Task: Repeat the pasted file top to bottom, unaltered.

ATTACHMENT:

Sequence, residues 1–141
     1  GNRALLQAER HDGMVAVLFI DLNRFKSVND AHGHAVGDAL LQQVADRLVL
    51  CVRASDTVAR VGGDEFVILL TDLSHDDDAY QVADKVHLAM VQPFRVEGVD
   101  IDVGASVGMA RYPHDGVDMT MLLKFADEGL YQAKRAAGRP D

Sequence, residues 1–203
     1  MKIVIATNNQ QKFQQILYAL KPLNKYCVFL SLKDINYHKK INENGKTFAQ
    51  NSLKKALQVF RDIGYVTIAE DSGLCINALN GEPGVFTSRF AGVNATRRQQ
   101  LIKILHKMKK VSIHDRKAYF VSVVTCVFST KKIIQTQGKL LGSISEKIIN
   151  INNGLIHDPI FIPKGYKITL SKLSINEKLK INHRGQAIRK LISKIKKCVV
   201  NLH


Sequence, residues 1–141
     1  GNRALLQAER HDGMVAVLFI DLNRFKSVND AHGHAVGDAL LQQVADRLVL
    51  CVRASDTVAR VGGDEFVILL TDLSHDDDAY QVADKVHLAM VQPFRVEGVD
   101  IDVGASVGMA RYPHDGVDMT MLLKFADEGL YQAKRAAGRP D

Sequence, residues 1–203
     1  MKIVIATNNQ QKFQQILYAL KPLNKYCVFL SLKDINYHKK INENGKTFAQ
    51  NSLKKALQVF RDIGYVTIAE DSGLCINALN GEPGVFTSRF AGVNATRRQQ
   101  LIKILHKMKK VSIHDRKAYF VSVVTCVFST KKIIQTQGKL LGSISEKIIN
   151  INNGLIHDPI FIPKGYKITL SKLSINEKLK INHRGQAIRK LISKIKKCVV
   201  NLH